By using HomoloGene and BLAST, we found that C21orf2 protein has homologues in nearly all genome-sequenced vertebrates (S4 Fig). The alignment of C21orf2 and its orthologous proteins identified two highly conserved regions: one in the N-terminal (1–142 aa, coded by exons 1–5), and the other one in the C-terminal (214–256 aa, coded by exon 7); on contrary, the middle part of C21orf2 (143–213 aa, coded by exons 5–6) is quite variable among species (S4 Fig). In the N-terminal conserved region, a predicted mitochondria localization signal peptide, two tandem leucine-rich repeat 4 (LRR_4) domains followed by a leucine-rich repeat cap (LRRcap) domain were recognized by their characteristic motifs. Neither the C-terminal conserved region nor the variable region have any homology to known domains and proteins.

Characteristics of C21orf2 mutations

Three missense variations were found in this study. c.319T>C [p.Y107H] and c.347C>T [p.P116L], were found in family F5 from Korea (S5 Fig). The patient (P5) was a compound heterozygote. Both variations were not found in ESP6500, although c.319T>C has low allele frequencies in 606 unrelated Korean controls (0.082%, one heterozygous allele found) and in ExAC (0.00223%). Another missense mutation, c.218G>C [p.R73P], was found in families F8 from Turkey and F9 from Sweden. A homozygosity mapping of F8 showed C21orf2 was in a long homozygous stretch. c.218G>C was absent in 100 Turkish control individuals, but was reported in ESP6500 and ExAC (rs140451304) with very low allele frequencies (0.0154% and 0.0334%, respectively).

The three missense variations were all located in the N-terminal conserved region; c.218G>C ([p.R73P]) was in the second LRR domain, and c.319T>C ([p.Y107H]) and c.347 C>T ([p.P116L]) were in the LRRcap domain (S4B Fig). The amino acids at those positions were highly conserved among diverse species (S4 and S5 Figs). Impacts of the missense mutations were estimated in SIFT, PolyPhen and MutationTaster. All mutations were regarded as damaging by at least one of the prediction programs. 3D-protein predictions by I-TASSER showed significant structural changes in the mutants.

Two variations outside the coding region of C21orf2 were observed. c.643-23A>T was found in two Saudi Arabian families (F1 and F7), and was absent in all control groups, including ESP6500 and ExAC databases. c.643-23A>T was predicted to be a branch-point splicing mutation by two prediction programs (SVM-BPfinder and Human Splicing Finder). c.545+1G>A was found in F6, which was an obvious splice donor site mutation. c.545+1G>A was reported in ExAC with a very low allele frequency (0.001902%) and was absent in ESP6500. Several programs (ASSP, NetGene2, Human Splicing Finder, SplicePort and NNSPLICE) were utilized to predict its effect; however, each program generated a number of different results.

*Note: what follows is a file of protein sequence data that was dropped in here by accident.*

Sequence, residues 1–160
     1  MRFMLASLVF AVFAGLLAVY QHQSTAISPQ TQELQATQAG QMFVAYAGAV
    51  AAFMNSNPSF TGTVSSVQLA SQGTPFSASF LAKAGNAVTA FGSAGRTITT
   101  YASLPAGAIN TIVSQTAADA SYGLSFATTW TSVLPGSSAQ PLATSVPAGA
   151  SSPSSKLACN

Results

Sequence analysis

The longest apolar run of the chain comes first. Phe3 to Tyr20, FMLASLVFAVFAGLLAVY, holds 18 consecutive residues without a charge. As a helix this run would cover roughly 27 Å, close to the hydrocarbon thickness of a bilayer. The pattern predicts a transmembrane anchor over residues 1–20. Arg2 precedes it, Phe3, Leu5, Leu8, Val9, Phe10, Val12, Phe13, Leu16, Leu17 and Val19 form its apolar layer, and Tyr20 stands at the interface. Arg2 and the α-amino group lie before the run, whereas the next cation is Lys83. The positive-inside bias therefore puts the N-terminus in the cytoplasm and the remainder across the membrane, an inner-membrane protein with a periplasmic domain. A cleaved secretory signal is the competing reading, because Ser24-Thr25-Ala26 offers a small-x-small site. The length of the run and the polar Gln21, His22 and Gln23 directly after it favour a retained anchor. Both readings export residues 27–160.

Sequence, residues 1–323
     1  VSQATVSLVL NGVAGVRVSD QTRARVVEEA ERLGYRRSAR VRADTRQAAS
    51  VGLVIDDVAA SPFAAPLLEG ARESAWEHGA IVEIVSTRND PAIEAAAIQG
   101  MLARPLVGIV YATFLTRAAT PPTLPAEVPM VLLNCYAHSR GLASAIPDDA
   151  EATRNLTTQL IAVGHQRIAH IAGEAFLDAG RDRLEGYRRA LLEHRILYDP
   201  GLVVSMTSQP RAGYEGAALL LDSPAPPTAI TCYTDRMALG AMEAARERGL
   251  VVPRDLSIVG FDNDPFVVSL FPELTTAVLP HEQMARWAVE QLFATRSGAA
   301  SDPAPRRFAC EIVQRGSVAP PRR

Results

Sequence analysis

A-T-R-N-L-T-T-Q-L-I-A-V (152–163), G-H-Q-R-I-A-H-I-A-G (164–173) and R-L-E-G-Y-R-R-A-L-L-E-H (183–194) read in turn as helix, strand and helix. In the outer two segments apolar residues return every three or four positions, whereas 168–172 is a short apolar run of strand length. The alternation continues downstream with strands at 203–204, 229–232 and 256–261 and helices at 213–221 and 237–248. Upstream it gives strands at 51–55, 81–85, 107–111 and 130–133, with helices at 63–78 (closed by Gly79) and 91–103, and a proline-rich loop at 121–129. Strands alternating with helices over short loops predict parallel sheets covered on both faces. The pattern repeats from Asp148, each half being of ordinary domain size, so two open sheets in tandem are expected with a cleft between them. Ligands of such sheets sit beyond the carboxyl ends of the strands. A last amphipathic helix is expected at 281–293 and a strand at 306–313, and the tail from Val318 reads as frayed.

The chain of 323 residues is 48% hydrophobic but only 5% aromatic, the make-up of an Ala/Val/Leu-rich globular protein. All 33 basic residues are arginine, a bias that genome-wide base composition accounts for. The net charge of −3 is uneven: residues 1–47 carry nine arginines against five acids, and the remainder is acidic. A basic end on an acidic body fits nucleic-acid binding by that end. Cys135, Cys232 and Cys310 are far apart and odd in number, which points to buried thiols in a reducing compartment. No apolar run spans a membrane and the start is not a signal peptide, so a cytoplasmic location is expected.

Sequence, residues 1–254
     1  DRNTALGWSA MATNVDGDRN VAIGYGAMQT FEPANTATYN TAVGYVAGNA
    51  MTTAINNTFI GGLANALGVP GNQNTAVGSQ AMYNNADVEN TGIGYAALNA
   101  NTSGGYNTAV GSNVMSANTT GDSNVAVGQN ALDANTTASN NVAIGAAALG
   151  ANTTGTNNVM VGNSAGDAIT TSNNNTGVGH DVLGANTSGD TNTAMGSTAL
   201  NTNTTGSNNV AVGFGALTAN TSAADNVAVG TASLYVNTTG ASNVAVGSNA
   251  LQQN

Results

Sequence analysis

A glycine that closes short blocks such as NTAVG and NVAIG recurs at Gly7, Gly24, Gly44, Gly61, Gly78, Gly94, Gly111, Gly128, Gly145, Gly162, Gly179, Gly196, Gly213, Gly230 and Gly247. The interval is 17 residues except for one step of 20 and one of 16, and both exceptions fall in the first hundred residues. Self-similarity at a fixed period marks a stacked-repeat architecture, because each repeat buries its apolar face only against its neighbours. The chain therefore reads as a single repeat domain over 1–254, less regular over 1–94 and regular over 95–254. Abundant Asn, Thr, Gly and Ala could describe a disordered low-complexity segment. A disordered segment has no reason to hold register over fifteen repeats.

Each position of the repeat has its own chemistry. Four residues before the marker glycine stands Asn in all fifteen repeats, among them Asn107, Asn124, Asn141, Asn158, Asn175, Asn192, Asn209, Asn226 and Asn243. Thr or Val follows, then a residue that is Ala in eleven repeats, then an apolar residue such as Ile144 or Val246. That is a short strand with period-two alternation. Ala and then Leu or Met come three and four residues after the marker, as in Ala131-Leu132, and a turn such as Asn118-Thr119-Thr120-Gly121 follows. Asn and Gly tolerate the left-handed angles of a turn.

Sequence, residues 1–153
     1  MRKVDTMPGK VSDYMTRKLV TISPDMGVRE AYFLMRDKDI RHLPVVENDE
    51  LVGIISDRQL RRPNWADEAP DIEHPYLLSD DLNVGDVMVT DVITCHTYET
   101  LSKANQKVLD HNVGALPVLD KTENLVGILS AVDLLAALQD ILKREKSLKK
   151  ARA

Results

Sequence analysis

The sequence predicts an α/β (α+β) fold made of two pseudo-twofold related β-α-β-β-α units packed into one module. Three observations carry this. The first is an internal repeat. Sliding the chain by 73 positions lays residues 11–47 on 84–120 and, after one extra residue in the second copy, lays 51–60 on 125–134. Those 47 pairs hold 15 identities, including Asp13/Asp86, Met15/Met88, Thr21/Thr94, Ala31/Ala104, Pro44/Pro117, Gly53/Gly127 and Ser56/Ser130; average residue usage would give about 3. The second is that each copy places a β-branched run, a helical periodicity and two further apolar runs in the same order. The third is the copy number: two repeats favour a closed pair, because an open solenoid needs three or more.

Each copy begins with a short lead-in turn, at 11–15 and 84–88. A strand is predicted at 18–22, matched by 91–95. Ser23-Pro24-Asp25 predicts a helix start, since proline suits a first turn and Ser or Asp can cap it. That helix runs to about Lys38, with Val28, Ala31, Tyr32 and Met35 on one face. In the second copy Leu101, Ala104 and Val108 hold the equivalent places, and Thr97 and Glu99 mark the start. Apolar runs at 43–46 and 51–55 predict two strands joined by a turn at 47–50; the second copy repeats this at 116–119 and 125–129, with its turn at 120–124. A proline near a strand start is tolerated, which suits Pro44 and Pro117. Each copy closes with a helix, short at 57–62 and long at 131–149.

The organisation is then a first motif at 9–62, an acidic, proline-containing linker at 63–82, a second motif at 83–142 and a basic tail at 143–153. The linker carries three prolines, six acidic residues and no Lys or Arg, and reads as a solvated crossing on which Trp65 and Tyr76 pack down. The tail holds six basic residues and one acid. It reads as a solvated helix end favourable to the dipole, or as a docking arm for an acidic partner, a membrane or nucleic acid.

A primer set spanning from exon 5 to exon 7 (Fig 2A) was used to check the effects of the intronic variants in mRNAs of P6 and P7. RT-PCR of P7 showed a single band with a markedly increased size in comparison to control subjects (Fig 2B). Direct sequencing of the PCR product identified that entire intron 6 remained in the mutant mRNA, which led to a frame shift and produced an elongated protein (p.N215Vfs*259) without the C-terminal conserved region.

Fig 2. Analysis of the splicing mutations.

(A) A schematic of the local genomic structure of C21orf2. Positions of the splicing donor site mutation (c.545+1G>A) in F6 and the branch-point mutation (c.643-23A>T) in F1 and F7 are indicated by blue arrows. E: exon, IVS: intron, Green arrows: positions of RT-PCR primers. B) RT-PCR analysis for c.643-23A>T. Intron 6 was not spliced in the mutant transcript (M7), which had a frame shift with the elongated reading frame. N: normal transcript. Black arrowhead: splicing junction in specific transcript. C) RT-PCR analysis for c.545+1G>A. In the family members (F6), aberrant bands with various sizes (M6-1~3) were obtained. Sanger-sequencing revealed that M6-3, an apparently normal size band in the patient (P6) represented a miss-spliced mutant which lost 5 bp in the end of exon 5. Red arrow: position of the stop codon. In M6-1 and 3, the new stop codons are more than 55 bp upstream of the last splicing junctions. In M6-2, the new stop codon is in the 3rd last exon. Therefore, all these transcripts are considered to receive nonsense-mediated mRNA decay. Mo: the mother; Fa: the father.